Updated: Jun 19
Gibby's E3 post inspired me to also look to the future and pick the 15 most promising indie games that claim to be coming out this year. A game was eligible for this list if:
It says it's coming out in 2021 and I believe it. This is absolutely directed at Mineko's Night Market, which has claimed to be releasing in the current year for the last 5 years. I don't believe you, Mineko's Night Market.
It is an indie game. What's an indie game? A game that I think is indie. Is that meaningless and arbitrary? Yes. Mostly it means no big publishers.
It's coming to Steam. Not because I won't play other platforms, but almost all indie games do and I already have a long wishlist there, so it wasn't worth repeating the effort elsewhere for the off chance I'd find one or two more games.
That out of the way, let's see some games!
These games are in the order of the tabs I had open, which is a highly objective measure of quality.
#15. Fire Tonight (Reptoid Games, coming to PC/Mac/Switch)
A game in two parts about two people trying to find each other in the midst of a city-wide fire. Maya leaves her apartment just as the fire starts and has to play through Captain Toad-like sequences in order to reach Devin. Devin stays home and worries while playing more traditional adventure puzzles to break up Maya's parts. Strong writing and a great art style give the game another leg up.
#14. Coromon (TRAGsoft, coming to PC/Mac/mobile)
Yeah, it's yet another Pokemon clone. It gets a spot here over all the dozens of others because it actually has some great designs that aren't just stealing from GameFreak and it has a battle system with clear Gen II influences that still feels fresh to play. It's putting a big emphasis on story and side activities, so you'll have motivations to keep playing beyond catching all 120 mons, and it looks like there will even be dungeons.
#13. Anno: Mutationem (ThinkingStars, coming to Steam and PSN)
I don't know a ton about this game, but it looks to be a mix of cyperbunk, Vanillaware-esque 2D combat, and ARPG-style equipment and stat customization. But I'll be honest: the real reason it's here is the art style. It has 2D and 3D presentations, both of which are absolutely stunning to look at. It'll be a great game if it plays even half as good as it looks.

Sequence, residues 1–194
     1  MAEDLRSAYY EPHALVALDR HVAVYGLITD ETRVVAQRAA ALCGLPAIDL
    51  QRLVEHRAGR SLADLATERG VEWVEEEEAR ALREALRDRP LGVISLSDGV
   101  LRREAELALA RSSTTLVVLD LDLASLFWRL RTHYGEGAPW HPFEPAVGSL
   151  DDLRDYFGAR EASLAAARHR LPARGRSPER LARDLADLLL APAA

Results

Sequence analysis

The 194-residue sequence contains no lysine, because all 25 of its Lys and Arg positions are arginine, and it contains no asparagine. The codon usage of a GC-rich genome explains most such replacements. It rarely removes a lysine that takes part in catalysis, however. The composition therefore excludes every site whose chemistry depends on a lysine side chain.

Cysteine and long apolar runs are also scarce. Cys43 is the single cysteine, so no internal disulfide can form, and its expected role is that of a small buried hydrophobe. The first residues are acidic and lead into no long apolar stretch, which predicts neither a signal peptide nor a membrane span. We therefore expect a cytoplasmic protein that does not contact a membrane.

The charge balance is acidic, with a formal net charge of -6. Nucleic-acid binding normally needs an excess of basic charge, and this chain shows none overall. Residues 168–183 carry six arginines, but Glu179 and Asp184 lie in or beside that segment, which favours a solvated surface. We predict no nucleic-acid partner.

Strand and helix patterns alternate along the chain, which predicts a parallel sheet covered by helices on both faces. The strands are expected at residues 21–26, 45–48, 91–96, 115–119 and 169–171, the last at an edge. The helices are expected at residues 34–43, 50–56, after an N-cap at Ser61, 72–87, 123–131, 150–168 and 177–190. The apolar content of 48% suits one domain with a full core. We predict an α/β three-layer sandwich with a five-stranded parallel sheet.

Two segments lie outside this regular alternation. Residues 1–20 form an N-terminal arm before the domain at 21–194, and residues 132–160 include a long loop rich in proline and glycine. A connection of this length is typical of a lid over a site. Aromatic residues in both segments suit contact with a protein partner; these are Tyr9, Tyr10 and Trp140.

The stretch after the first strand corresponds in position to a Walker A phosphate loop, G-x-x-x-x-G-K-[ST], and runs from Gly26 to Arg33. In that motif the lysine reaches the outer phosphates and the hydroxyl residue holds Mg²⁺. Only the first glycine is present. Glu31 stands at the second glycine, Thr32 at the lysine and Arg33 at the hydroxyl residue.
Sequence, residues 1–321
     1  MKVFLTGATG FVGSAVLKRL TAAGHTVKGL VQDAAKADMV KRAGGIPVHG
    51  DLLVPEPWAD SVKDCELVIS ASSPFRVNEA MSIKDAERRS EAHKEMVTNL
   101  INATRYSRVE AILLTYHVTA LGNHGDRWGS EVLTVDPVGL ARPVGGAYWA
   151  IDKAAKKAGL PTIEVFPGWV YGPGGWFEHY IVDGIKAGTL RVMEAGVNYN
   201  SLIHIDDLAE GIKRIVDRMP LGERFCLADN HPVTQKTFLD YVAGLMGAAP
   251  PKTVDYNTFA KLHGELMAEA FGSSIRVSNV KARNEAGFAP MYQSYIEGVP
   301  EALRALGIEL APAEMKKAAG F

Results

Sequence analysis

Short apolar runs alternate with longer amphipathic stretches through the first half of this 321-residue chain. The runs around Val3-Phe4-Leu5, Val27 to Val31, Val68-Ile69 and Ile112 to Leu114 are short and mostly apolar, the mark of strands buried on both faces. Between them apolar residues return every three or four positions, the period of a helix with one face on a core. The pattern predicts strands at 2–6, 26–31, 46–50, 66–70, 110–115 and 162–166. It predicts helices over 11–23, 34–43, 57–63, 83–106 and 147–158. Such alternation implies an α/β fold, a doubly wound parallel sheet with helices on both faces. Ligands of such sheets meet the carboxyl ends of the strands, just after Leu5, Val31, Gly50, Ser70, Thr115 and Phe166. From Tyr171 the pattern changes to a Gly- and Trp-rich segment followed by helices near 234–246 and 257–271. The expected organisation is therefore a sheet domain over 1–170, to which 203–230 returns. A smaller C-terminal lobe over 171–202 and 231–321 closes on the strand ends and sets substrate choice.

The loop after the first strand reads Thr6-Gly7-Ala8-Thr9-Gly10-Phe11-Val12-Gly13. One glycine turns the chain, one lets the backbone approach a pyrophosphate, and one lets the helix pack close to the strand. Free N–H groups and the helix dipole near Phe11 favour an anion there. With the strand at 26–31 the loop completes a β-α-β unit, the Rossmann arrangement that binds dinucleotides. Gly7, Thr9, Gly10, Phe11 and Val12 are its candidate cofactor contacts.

#12 Update: The Fermi Paradox isn't anywhere near as interesting as I thought it would be. I removed the entry for posterity.
#11. OXENFREE II: Lost Signals (Night School Studios, coming to PC and Switch)
One of two sequels on this list, OXENFREE II picks up five years after the original - which coincidentally released five years ago - and stars the same protagonist. You'll once again be investigating paranormal radio signals and shaping the story with Night School's highly innovative dialogue system that does an amazing job of making branching conversations feel natural. If you're not familiar with the series, Control is probably the best comparison for its style of supernatural weirdness.
#10. Ten Thousand Coins: The Golden Merchant (TL-Tonic, coming to PC)
I've been wishing for another good merchant game since Recettear came out 11 years ago, and this looks like the next best hope. It's an RPG that has you traveling across the world to pay off a debt and making choices that impact the world and your finances along the way. I don't know a lot else about it, but bartering games are an easy sell for me.
#9. The Big Con (Mighty Yell, coming to PC and Xbox)
Even though The Big Con has a great art style, the real reason it's on this list is that it's an adventure game about being a runaway teenage con artist in the 90s. There are so many games about journeying cross country to find yourself and do good - I think it's time we had one about good old-fashioned scamming. The fact you can wear ridiculous disguises while doing it is a nice bonus.